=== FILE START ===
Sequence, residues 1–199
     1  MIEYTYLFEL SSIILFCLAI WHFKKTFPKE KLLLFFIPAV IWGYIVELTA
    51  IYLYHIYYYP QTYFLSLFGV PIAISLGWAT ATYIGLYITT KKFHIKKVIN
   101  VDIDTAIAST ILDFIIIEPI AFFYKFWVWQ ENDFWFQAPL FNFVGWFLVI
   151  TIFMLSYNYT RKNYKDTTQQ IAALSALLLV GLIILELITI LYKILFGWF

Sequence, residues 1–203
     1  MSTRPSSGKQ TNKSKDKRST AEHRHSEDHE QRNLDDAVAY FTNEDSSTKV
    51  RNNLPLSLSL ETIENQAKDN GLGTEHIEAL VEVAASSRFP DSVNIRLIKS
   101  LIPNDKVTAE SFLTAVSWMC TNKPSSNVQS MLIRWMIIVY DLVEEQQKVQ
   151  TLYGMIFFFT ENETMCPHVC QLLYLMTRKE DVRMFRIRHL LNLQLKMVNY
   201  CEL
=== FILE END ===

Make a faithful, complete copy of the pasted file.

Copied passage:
Sequence, residues 1–199
     1  MIEYTYLFEL SSIILFCLAI WHFKKTFPKE KLLLFFIPAV IWGYIVELTA
    51  IYLYHIYYYP QTYFLSLFGV PIAISLGWAT ATYIGLYITT KKFHIKKVIN
   101  VDIDTAIAST ILDFIIIEPI AFFYKFWVWQ ENDFWFQAPL FNFVGWFLVI
   151  TIFMLSYNYT RKNYKDTTQQ IAALSALLLV GLIILELITI LYKILFGWF

Sequence, residues 1–203
     1  MSTRPSSGKQ TNKSKDKRST AEHRHSEDHE QRNLDDAVAY FTNEDSSTKV
    51  RNNLPLSLSL ETIENQAKDN GLGTEHIEAL VEVAASSRFP DSVNIRLIKS
   101  LIPNDKVTAE SFLTAVSWMC TNKPSSNVQS MLIRWMIIVY DLVEEQQKVQ
   151  TLYGMIFFFT ENETMCPHVC QLLYLMTRKE DVRMFRIRHL LNLQLKMVNY
   201  CEL